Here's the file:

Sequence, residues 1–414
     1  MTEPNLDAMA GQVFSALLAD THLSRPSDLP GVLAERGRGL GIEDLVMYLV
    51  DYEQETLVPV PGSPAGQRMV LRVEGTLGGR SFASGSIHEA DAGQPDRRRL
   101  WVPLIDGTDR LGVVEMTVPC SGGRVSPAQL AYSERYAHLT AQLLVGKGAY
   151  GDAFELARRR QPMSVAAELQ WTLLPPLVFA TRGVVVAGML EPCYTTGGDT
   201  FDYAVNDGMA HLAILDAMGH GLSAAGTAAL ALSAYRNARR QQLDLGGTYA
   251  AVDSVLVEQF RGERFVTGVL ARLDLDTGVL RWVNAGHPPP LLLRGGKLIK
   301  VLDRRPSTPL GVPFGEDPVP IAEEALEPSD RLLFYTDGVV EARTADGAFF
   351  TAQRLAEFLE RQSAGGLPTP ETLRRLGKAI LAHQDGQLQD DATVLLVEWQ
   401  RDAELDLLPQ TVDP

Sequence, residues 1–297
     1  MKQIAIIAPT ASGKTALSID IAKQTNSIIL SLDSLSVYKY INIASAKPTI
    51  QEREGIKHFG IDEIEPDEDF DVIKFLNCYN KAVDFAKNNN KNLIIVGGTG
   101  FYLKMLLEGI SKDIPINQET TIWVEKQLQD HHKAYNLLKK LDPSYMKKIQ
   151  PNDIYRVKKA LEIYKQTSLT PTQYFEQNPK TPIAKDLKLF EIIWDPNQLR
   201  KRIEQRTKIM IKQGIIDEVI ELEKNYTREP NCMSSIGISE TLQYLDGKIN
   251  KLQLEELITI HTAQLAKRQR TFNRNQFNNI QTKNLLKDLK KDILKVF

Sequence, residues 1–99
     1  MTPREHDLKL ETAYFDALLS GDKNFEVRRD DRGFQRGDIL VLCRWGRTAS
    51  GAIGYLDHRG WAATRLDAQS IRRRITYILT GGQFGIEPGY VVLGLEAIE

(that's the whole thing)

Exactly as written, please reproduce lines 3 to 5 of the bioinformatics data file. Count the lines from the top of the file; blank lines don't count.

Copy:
    51  DYEQETLVPV PGSPAGQRMV LRVEGTLGGR SFASGSIHEA DAGQPDRRRL
   101  WVPLIDGTDR LGVVEMTVPC SGGRVSPAQL AYSERYAHLT AQLLVGKGAY
   151  GDAFELARRR QPMSVAAELQ WTLLPPLVFA TRGVVVAGML EPCYTTGGDT